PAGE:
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ClassicsOnline Home » SULLIVAN: Victoria and Merrie England
Victoria and Merrie England
Scene I -
An oak forest, night - Britannia asleep - Britain's Guardian Spirit - Sacred March of the Druids - Rites of the
Mistletoe - Britannia awakes.
Scenes II &
III - May Day in Queen Elizabeth's Time
Village green - young
heir comes of age. Procession of mummers and revellers - Historical Quadrille
of Britons, Romans, Saxons and Normans - Morris Dance - Mazurka, Knights of the
Sword and Rose Maidens - Flirtation, Robin Hood and Maid Marian - Friar Tuck
and the Dragon -Two Hobby Horses - General Dance- Pas seul, May Queen - Maypole
Scenes IV &
V - The Legend of Herne the Hunter
Windsor Forest, night - Storm
- Dance of Hunters - Waltz of Wood Nymphs. Procession of the Yule Log - Galop -
Fight of hunters and peasants - Dance of Hunters and Nymphs.
Scene VI -
Christmas Revels in the Time of Charles II
servants, players and guests - Lord and Lady of the Manor - Procession of the
Boar's Head and Roast Beef - Entrance of peasants and vassals - Comic Pas de Quatre
(Fugue) - Drunken Jester's Dance - Blind Man's Buff - Entrance of Father
Christmas - Kissing Dance under the Mistletoe.
Scene VII -
Coronation of Queen Victoria
Westminster Abbey, 28 June 1838 - Imperial March.
Scene VIII - 1897
- Britain's Glory
English, Irish and Scottish Troops - The Union
- Artists' Volunteers - Colonial Troops - Military Manoeuvres - Sailors'
Hornpipe - Pas Redouble - Entrance of Britannia -The Albert Memorial - God Save
As well as being
the popular composer of light operas for the Savoy Theatre, Arthur Sullivan
(1842 -1900) was regularly a kind of 'Composer Laureate', producing suitable
music on occasions of royal or national importance. For such opportunities he
had probably to thank his friendship with the Duke of Edinburgh and other
junior members' of the royal family. He wrote songs and marches to welcome
Princess Alexandra of Denmark as bride of the Prince of Wales in 1863,
and a huge Festival Te Deum in thanksgiving for her husband's recovery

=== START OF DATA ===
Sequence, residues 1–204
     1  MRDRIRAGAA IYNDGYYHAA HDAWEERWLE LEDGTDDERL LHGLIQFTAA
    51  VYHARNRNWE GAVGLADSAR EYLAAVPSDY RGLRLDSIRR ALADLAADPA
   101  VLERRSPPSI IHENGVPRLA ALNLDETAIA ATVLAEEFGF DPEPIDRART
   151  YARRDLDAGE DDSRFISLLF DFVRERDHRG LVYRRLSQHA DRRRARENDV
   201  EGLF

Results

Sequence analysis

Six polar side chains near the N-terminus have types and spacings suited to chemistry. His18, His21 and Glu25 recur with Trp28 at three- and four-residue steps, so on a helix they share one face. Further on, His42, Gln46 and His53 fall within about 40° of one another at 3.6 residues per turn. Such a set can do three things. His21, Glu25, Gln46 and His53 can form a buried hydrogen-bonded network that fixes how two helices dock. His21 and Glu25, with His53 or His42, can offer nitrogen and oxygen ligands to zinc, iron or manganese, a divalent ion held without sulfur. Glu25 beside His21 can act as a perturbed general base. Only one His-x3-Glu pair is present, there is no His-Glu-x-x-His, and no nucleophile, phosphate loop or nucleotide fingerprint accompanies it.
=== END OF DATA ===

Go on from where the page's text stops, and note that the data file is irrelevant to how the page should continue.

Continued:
from typhoid in 1872. He set the words of Tennyson's Ode tor the Opening of
the Colonial and Indian Exhibition in 1886, and a further Ode to
which the queen laid the foundation stone of the Imperial Institute in 1887.
When the completed Institute was opened in 1893, he supplied also an Imperial
March to go with it. His last completed work was a further Te Deum, sung
at the service of thanksgiving for victory in the Boer War at St Paul's Cathedral in 1902.
Sullivan was thus
the natural choice of composer to set to music the Jubilee Hymn, written
by the bishop of Wakefield to celebrate the queen's Diamond Jubilee
in May 1897. Perhaps more surprisingly he had also been commissioned by Alfred
Maul, manager of the Alhambra Theatre in Leicester Square, to write a ballet with which that theatre would
celebrate sixty glorious years. It was to depict a combination of national and
royal strands in the life of Great
Britain through the
centuries, and to bring to life scenes which had existed, if not in historical
fact, at least in popular prints and the loyal imagination.
Merrie England, as the
ballet was to be called, was a spectacle which had many parallels with all the
stereotypes of Victorian historical illustration. The queen herself, as her
reign progressed, had become equated with Elizabeth las a kind of focus for romantic chivalry, and thus the
characteristics of the eight scenes of the ballet, odd as they appear to us,
were in fact highly appropriate in 1897.
The ballet opened
at the Alhambra Theatre on 25th May, 1897, in a setting which had housed much
of the development of British ballet in the past ten years. The theatre's
permanent choreographer, Carlo Coppi, had a dancing school on the premises and
provided normally two full-length self-contained ballets every evening. In the
long interval between these a music-hall programme ensured light relief and
The ballets seen
at the Alhambra, however, had little to do with the mainstream
of classical ballet as it is understood today. Neither Swan Lake nor Sylvia was seen in London